4 Uncomfortable Signs You’re Being ‘Quiet Fired’ At Work

It might feel like the end of the world, but you'll get through it.

people in meeting at the office SFIO CRACHO / Shutterstock

Some workplaces turn toxic as time goes on, and you may be faced with a difficult decision: Do you stay or go? While some people may do all they can to get fired instead of quitting, sometimes managers will act in ways to force you into quitting, a move called “quiet firing.” They’ll purposefully create a hostile environment to make you leave the job of your own volition, so they don’t have to deal with the financial and legal fall-out of actually firing you.


Here are four uncomfortable signs you’re being ‘quiet fired’ at work.

1. You get mostly negative feedback from your manager. 

When a manager is trying to quiet fire you, they’ll offer negative criticism instead of constructive critique. They’ll often decline to offer examples to back up their criticism, which leaves you treading water, with no way of knowing how to improve. This is a major part of quiet firing, as not providing adequate training or guidance makes workers feel unsupported and unappreciated, so they end up quitting.

Sam DeMase, who calls herself “Your Career Bestie” on TikTok, explained that bosses use quiet firing as a way to avoid paying severance or unemployment benefits.




She advises people in a quiet firing situation not to quit, even if staying feels painful.

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2. You feel left out of projects and meetings.

If you’re being quiet fired, the higher-ups will start edging you out of what’s going on in the workplace. This means you won’t get invites to meetings, you’ll be left out of email chains with other employees and your manager might even cancel your one-on-ones entirely. 


businesswoman holding a coffee mug looking out the windowPhoto: Sora Shimakazi / Pexels 

The point of keeping you out of the loop is to make you feel isolated, like your work and contributions aren’t being valued, so you quit, without your manager having to directly lay you off.

3. Your manager is avoiding you.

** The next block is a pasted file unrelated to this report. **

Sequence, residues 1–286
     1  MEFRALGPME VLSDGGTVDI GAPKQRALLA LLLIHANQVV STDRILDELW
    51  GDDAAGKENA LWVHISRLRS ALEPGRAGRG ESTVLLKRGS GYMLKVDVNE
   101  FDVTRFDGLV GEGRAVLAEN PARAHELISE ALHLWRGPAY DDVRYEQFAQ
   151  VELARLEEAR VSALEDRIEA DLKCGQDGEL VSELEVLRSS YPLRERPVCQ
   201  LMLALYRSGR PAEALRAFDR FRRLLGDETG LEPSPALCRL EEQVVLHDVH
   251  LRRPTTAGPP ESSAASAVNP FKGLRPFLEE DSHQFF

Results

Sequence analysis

If you do try to engage your bosses in conversation about why you seem to be getting pushed out, they’ll do anything to redirect the discussion, so they don’t have to take accountability for their actions. 


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4. You’re required to keep a record of all your activity at work.

Your manager might ask you to fill out an activity tracker, which is a detailed account of everything you’re doing on a daily basis at work. 



They might tell you it’s an avenue for collaboration and improvement or a way to share your work. Being put on a Performance Improvement Plan, or PIP, is an indication that your manager isn’t entirely pleased with your work, and wants to track what you’re doing. 


person typing on a laptopPhoto: Anna Shvets / Pexels 

Micromanaging your work, when they used to leave you up to your own devices, is a sign that they’re trying to quiet fire you.

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If you find yourself being quiet fired, don’t despair.

DeMase advises people in this particular toxic work environment to keep records of what’s going on and approach the situation head-on. She tells people not to quit, no matter how hard it feels, because that’s exactly what they want you to do. If you do quit, you won’t be able to receive severance or unemployment benefits, and you deserve to be compensated for the time and effort you spent while working in that particular position.


It’s important to take care of your mental health in any stressful work situation, especially if your job has become a hostile and isolating place.

Keep in mind that your value is tied to so much more than what job you have. No matter what happens, you’ll land firmly on your feet, and new opportunities will present themselves for the taking. 

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Alexandra Blogier is a writer on YourTango's news and entertainment team. She covers workplace culture, pop culture analysis and all things to do with the entertainment industry.